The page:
Steal This Car — With the Keys in the Ignition!

Do you leave your car keys in the ignition? If so, why?

How easy is it to steal a car? Very easy — that is, if you leave the keys in the ignition.

Common sense tells us that leaving keys where thieves can find them is an invitation to the criminal element to make off with that vehicle. Stunningly, 126,603 vehicles were filched from 2012 to 2014 because their owners or someone else who had access to them left the keys in the ignition. That’s one of the findings from the National Insurance Crime Bureau (NICB) in their latest report published this week.

Stolen Vehicle Crime Statistics

Keys in IgnitionKeys in the ignition thefts are on the rise even as overall vehicle thefts are on the decline. The NICB reports that 39,345 cars were stolen in 2012 because they had the keys in them. That number rose to 42,430 in 2013 and to 44,828 in 2014.

Such thefts also compose a greater slice of the overall thefts, rising from 5.4 percent in 2012 to 6.7 percent last year.

Overall thefts stood at 659,717 in 2014, down 5.7 percent from 2013. Remove the 44,828 keys in the ignition thefts figure and that inclusive number would have come in at 614,889 or at a level last seen in 1996.

Thank today’s anti-theft technologies with mitigating vehicle theft. And as additional newer cars replace older vehicles, that total should continue to abate. But helping people steal your car is simply counterintuitive.

The Purloined Conveyance

NICB President and CEO Joe Wehrle reiterated the difficulty thieves have with stealing today’s technologically advanced cars. He also said that he wasn’t surprised by the theft trend and believes the numbers may actually be higher given that some people simply will not admit their mistakes, perhaps fearing that the information will become a matter of police report record or affect their insurance claim.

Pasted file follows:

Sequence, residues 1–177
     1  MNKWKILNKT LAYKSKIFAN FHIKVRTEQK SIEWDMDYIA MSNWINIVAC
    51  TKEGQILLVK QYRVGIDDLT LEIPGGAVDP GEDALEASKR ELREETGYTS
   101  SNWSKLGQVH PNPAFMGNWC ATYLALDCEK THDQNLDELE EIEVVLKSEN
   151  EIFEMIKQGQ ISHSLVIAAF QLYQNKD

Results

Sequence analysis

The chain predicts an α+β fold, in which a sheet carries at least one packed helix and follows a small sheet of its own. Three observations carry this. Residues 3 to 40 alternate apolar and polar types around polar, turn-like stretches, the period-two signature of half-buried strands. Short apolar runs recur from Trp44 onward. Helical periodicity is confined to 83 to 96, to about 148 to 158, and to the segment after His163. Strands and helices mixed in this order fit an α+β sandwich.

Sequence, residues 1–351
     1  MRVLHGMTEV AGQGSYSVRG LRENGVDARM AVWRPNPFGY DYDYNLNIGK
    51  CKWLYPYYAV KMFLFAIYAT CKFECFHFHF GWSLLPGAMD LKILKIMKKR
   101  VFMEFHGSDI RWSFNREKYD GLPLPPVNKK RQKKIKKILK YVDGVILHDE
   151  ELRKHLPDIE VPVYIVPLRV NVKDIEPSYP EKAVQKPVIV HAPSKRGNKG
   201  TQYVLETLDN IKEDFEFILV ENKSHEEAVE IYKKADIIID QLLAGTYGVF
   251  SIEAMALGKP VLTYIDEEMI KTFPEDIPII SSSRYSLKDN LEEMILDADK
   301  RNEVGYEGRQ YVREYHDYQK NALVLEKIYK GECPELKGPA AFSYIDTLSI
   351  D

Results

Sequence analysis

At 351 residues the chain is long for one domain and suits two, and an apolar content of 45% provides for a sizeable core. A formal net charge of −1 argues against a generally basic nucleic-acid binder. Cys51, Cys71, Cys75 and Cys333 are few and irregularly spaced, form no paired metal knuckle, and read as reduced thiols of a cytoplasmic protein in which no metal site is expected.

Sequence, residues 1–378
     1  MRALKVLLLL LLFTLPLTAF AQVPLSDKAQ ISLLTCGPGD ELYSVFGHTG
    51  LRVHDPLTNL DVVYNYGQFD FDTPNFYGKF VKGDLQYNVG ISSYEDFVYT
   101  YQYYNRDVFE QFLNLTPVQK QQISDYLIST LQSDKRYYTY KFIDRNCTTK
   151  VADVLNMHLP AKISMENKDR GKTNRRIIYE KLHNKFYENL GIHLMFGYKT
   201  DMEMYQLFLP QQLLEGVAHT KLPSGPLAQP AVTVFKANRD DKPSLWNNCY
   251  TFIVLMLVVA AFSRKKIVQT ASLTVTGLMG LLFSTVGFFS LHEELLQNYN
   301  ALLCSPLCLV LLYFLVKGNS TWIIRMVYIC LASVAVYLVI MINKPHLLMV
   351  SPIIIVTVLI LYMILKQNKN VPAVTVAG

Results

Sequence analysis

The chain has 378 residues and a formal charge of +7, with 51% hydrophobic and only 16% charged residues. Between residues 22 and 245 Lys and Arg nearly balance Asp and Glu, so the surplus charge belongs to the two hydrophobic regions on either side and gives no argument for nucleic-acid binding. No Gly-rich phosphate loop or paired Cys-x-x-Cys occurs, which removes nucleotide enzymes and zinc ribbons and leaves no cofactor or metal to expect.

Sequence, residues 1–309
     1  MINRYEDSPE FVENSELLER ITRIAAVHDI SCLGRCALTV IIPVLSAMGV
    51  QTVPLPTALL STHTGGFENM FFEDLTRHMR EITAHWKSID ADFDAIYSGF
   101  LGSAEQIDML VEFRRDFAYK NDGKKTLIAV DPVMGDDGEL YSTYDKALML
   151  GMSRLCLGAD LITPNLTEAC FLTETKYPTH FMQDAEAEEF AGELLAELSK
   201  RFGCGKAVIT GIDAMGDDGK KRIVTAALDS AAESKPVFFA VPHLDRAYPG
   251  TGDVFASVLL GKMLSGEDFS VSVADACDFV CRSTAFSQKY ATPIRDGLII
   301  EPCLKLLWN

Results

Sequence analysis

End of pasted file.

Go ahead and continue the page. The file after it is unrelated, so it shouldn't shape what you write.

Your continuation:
But there may also be another reason for keys left in the ignition — to commit insurance fraud.

Explained Wehrle, “We also see some cases where the owner gives up the car by leaving the keys in it to allow it to be stolen so that an insurance claim payment can help them get out from under a financial bind. Anyone who does that is committing fraud.”

Theft on the Go

Some thefts occur when people stop their car in front of a store, run inside to buy a cup of coffee or a meal to go, then return to where their car was idling, only to find it non extant. Certainly, those incidences serve as effortless invitations to thieves to abscond with your vehicle.

The NICB also provided the demographic statistics that scrutinized state date. In particular, where keys in the ignition purloining is most egregious.

Surprisingly not, California, the most populous state in the union by far, registered 19,597 incidences. Then we have Texas (8,796) followed closely in succession by Florida, Michigan and Ohio.

Five metropolitan or statistical areas also stood out with Las Vegas-Henderson-Paradise reporting the most of these types of thefts with 6,185 vehicles appropriated. The metropolitan areas representing Detroit, Atlanta, Philadelphia and NewYork City were also conspicuous in this particular enumeration.

The Best Days to Peculate

And for those of you who are statistical wonks, there are certain days of the week, where such thievery is more likely to occur.

Specifically, Saturday saw the most thefts with keys (19,147) followed by Friday (18,719) and Monday (18,647). To be sure, the thieves must be in church on Sunday seeking forgiveness for their sins, accounting for why that day is not in the top three.

But that’s highly unlikely as certain as Monday follows Sunday.

See Also — In Just 22 Years, Car Theft Rates Have Plunged by 58 Percent

Photo courtesy of Penywise, via Morgue File

Author: admin
Matt Keegan has maintained his love for cars ever since his father taught him kicking tires can be one way to uncover a problem with a vehicle’s suspension system. He since moved on to learn a few things about coefficient of drag, G-forces, toe-heel shifting, and how to work the crazy infotainment system in some random weekly driver. Matt is a member of the Washington Automotive Press Association and is a contributor to various print and online media sources.

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